uu.seUppsala University Publications
Change search
CiteExportLink to record
Permanent link

Direct link
Cite
Citation style
  • apa
  • ieee
  • modern-language-association
  • vancouver
  • Other style
More styles
Language
  • de-DE
  • en-GB
  • en-US
  • fi-FI
  • nn-NO
  • nn-NB
  • sv-SE
  • Other locale
More languages
Output format
  • html
  • text
  • asciidoc
  • rtf
Trajectory of self-care behaviour in patients with heart failure: the impact on clinical outcomes and influencing factors.
Uppsala University, Disciplinary Domain of Medicine and Pharmacy, Medicinska och farmaceutiska vetenskapsområdet, centrumbildningar mm, Centrum för klinisk forskning i Sörmland (CKFD).
Show others and affiliations
2020 (English)In: European Journal of Cardiovascular Nursing, ISSN 1474-5151, E-ISSN 1873-1953, article id 1474515120902317Article in journal (Refereed) Epub ahead of print
Abstract [en]

BACKGROUND: Patients' self-care behaviour is still suboptimal in many heart failure (HF) patients and underlying mechanisms on how to improve self-care need to be studied.

AIMS: (1) To describe the trajectory of patients' self-care behaviour over 1 year, (2) to clarify the relationship between the trajectory of self-care and clinical outcomes, and (3) to identify factors related to changes in self-care behaviour.

METHODS: In this secondary analysis of the COACH-2 study, 167 HF patients (mean age 73 years) were included. Self-care behaviour was assessed at baseline and after 12 months using the European Heart Failure Self-care Behaviour scale. The threshold score of ⩾70 was used to define good self-care behaviour.

RESULTS: Of all patients, 21% had persistent poor self-care behaviour, and 27% decreased from good to poor. Self-care improved from poor to good in 10%; 41% had a good self-care during both measurements. Patients who improved self-care had significantly higher perceived control than those with persistently good self-care at baseline. Patients who decreased their self-care had more all-cause hospitalisations (35%) and cardiovascular hospitalisations (26%) than patients with persistently good self-care (2.9%, p < 0.05). The prevalence of depression increased at 12 months in both patients having persistent poor self-care (0% to 21%) and decreasing self-care (4.4% to 22%, both p < 0.05).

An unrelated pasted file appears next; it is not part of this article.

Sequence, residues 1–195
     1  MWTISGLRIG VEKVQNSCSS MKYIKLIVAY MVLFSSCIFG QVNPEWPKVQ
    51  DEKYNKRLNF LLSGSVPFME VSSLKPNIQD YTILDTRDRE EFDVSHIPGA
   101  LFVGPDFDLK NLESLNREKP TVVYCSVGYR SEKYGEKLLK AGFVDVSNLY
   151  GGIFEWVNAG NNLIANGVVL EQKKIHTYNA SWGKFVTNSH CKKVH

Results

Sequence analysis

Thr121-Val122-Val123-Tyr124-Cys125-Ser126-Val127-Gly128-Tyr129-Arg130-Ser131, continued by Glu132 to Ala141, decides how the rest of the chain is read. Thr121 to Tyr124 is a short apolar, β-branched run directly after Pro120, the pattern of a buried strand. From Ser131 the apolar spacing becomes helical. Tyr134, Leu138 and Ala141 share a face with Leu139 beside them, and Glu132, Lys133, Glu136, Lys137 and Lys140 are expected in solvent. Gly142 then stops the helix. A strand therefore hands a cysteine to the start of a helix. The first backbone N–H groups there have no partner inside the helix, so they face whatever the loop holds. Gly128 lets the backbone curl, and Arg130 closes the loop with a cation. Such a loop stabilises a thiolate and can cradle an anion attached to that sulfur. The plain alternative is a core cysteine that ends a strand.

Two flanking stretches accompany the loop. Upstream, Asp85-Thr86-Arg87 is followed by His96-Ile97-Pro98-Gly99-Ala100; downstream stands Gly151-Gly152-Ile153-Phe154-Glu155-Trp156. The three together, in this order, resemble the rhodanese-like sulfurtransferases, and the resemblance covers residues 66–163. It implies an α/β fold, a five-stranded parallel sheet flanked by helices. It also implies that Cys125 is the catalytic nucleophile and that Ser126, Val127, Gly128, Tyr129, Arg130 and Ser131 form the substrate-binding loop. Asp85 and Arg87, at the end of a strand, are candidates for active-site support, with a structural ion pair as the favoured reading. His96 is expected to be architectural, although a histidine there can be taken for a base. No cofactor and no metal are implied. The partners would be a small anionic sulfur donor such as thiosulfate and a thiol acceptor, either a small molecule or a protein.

CONCLUSION: Perceived control is a positive factor to improve self-care, and a decrease in self-care is related to worse outcomes. Interventions to reduce psychological distress combined with self-care support could have a beneficial impact on patients decreasing or persistently poor self-care behaviour.

Place, publisher, year, edition, pages
2020. article id 1474515120902317
Keywords [en]
Self-management, depression, heart failure outcomes, self-care behaviour
Identifiers
URN: urn:nbn:se:uu:diva-404515DOI: 10.1177/1474515120902317PubMedID: 31992064OAI: oai:DiVA.org:uu-404515DiVA, id: diva2:1395061
Available from: 2020-02-20 Created: 2020-02-20 Last updated: 2020-02-20

Open Access in DiVA

No full text in DiVA

Other links

Publisher's full textPubMed
By organisation
Centrum för klinisk forskning i Sörmland (CKFD)
In the same journal
European Journal of Cardiovascular Nursing

Search outside of DiVA

GoogleGoogle Scholar

doi
pubmed
urn-nbn

Altmetric score

doi
pubmed
urn-nbn
Total: 1 hits
CiteExportLink to record
Permanent link

Direct link
Cite
Citation style
  • apa
  • ieee
  • modern-language-association
  • vancouver
  • Other style
More styles
Language
  • de-DE
  • en-GB
  • en-US
  • fi-FI
  • nn-NO
  • nn-NB
  • sv-SE
  • Other locale
More languages
Output format
  • html
  • text
  • asciidoc
  • rtf